UMD CHEM 425 - Labreport (15 pages)

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Labreport



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Labreport

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Pages:
15
School:
University of Maryland, College Park
Course:
Chem 425 - Instrumental Methods of Analysis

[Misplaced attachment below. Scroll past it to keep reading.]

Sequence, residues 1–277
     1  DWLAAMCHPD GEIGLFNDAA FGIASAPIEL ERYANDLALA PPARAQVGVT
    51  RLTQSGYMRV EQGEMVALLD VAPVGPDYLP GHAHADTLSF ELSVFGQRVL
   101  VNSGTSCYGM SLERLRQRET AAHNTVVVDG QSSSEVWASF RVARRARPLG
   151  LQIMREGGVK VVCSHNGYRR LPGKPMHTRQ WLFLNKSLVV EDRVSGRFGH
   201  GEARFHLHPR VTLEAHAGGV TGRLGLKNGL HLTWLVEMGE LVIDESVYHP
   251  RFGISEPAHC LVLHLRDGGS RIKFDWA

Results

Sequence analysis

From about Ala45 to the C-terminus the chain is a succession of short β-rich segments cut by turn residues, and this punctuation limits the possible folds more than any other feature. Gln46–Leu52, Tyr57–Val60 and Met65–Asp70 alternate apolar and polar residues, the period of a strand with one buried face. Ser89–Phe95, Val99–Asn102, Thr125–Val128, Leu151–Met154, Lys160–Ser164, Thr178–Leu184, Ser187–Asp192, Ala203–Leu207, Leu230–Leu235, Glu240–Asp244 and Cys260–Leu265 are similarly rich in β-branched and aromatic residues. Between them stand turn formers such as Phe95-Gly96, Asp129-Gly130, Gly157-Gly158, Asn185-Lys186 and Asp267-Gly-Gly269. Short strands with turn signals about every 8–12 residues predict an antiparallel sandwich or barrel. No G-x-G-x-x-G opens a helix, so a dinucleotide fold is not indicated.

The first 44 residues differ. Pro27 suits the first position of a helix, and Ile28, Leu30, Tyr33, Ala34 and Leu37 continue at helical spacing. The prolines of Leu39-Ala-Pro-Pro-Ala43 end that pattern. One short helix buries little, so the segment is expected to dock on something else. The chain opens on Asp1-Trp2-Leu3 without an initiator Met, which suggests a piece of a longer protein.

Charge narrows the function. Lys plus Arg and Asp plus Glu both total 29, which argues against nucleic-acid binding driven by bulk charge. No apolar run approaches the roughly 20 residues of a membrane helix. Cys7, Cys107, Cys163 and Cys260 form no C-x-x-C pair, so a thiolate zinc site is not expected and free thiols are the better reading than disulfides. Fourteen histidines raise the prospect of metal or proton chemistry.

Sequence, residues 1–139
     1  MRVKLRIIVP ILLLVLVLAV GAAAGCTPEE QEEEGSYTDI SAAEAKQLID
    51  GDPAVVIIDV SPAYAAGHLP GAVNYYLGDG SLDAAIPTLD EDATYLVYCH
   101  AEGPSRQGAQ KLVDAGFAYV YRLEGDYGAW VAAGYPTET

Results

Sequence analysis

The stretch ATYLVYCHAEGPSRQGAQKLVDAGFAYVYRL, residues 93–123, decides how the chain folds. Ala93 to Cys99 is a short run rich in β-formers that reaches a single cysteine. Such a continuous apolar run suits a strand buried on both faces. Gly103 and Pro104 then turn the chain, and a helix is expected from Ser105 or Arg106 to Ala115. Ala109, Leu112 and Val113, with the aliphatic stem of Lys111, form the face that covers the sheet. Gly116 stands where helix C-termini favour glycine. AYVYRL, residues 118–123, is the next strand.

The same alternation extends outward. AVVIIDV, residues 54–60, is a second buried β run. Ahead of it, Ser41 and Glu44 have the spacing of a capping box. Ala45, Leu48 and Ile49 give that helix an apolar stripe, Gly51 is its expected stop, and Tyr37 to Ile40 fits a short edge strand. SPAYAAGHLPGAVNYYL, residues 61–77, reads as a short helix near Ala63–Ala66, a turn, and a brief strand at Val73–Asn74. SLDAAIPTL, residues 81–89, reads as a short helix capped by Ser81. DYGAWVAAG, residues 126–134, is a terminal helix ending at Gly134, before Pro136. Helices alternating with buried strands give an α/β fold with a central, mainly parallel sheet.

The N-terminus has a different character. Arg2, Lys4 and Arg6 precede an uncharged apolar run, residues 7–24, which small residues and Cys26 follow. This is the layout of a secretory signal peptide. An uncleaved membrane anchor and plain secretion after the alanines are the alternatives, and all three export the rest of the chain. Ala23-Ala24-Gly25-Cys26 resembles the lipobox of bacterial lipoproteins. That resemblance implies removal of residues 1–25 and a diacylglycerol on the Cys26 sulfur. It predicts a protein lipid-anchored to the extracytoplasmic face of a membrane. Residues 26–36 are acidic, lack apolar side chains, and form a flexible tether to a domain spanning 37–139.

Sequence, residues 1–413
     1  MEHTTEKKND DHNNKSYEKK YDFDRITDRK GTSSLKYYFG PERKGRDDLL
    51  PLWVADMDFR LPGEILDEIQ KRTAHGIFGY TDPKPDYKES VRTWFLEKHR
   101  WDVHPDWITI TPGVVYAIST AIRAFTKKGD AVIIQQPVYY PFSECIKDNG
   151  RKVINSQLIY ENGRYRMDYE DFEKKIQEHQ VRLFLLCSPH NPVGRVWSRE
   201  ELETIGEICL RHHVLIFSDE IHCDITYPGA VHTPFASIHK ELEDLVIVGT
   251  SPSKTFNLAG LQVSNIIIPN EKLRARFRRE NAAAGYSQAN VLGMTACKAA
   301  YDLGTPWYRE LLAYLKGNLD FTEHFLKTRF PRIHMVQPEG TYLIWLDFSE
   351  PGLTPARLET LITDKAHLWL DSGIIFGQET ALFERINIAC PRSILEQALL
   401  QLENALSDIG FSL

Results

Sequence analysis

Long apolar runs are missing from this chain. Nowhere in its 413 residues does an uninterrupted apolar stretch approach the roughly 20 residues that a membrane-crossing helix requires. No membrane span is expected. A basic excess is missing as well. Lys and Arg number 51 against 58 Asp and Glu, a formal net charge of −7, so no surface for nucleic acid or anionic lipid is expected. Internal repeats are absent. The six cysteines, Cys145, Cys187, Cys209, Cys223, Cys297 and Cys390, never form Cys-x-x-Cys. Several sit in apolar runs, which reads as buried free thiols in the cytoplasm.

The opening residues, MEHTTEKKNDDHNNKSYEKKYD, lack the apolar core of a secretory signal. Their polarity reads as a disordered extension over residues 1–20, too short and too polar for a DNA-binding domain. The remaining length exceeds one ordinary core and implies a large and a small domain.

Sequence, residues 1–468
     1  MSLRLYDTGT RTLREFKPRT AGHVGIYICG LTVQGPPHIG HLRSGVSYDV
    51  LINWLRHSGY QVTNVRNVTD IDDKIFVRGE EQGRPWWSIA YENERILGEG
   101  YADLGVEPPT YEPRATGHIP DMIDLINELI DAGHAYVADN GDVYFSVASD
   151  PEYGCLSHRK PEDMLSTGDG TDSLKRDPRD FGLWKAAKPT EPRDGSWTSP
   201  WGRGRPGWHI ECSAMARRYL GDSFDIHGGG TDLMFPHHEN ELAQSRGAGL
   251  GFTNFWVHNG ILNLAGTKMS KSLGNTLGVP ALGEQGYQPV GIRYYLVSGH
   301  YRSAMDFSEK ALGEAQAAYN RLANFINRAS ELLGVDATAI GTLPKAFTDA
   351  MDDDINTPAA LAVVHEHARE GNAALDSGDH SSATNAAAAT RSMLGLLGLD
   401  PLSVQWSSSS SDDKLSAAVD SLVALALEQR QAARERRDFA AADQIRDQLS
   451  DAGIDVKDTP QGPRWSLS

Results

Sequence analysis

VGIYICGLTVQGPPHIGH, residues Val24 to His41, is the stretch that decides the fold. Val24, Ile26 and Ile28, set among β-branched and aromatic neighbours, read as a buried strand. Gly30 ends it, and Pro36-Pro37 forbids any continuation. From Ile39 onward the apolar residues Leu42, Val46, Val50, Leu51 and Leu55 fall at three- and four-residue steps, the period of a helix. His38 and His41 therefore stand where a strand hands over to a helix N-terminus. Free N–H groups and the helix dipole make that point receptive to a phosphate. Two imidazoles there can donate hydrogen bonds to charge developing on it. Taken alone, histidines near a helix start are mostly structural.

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1 Introduction For this experiment we used High Performance Liquid Chromatography HPLC in order to separate and identify an unknown mixture of different aromatic compounds We were given four solutions for this experiment 1 methylnapthalene 1 ethylnapthalene 1 napthol and an unknown consisting of one or more of the 3 aromatics dissolved in acetonitrile ACN Like other types of chromatography HPLC is able to determine the identity of a mixture by separating its components based on the analyte mixture s relative affinities for the mobile and stationary phase of the column There are two types of partitioning chromatography normal phase and reverse phase Normal phase corresponds to a non polar stationary phase and a polar mobile phase while reverse phase follows the opposite motif Since we were interested in separating aromatics this experiment employed a reverse phase separation which is more commonly used This is due to recent technological improvements such as gradient elution that allow reverse phase to cover a very large range of analytes1 There are four commonly used types of HPLC adsorption ion exchange size gel exclusion chromatography and partition Adsorption chromatography is used for solid analytes and is able to separate compounds based on competitive surface interactions between the sample and the mobile phase molecules1 Adsorption chromatography usually employs normal phase parameters and uses a polar stationary phase and a non polar mobile phase For the stationary phase adsorption chromatography uses acidic silica in order to retain basic analyte components such as amines When trying to retain acids or phenols a basic alumina or a very basic magnesia stationary phase is used depending on the analytes relative acidity1 One disadvantage associated with adsorption chromatography is it s inability to separate homologous series of analytes well such as hydrocarbons and carboxylic acids Size exclusion chromatography is used in order to 2 separate large MW compounds such as proteins and polymers via a sieving mechanism rather than a partitioning one1 Size exclusion contains a stationary phase consisting of porous silica or polymer particles with pore sizes ranging from 40 2 500 When running the analyte through a size exclusion column molecules that are larger in size are able to pass through more quickly than smaller molecules that get caught via the sieving mechanism This allows researchers to determine the relative weight of the analyte by comparing retention time to known standards For our experiment we used partition chromatography which allows for the separation of compounds in a liquid solution such as our unknown mixture via a liquid mobile phase Partition chromatography is the most commonly used type of HPLC and is used to separate analytes with a molecular weight of less than 3 0001 Since we are attempting to separate naphthalene derivatives we used a reverse phase partition HPLC Our non polar stationary phase consisted of silica



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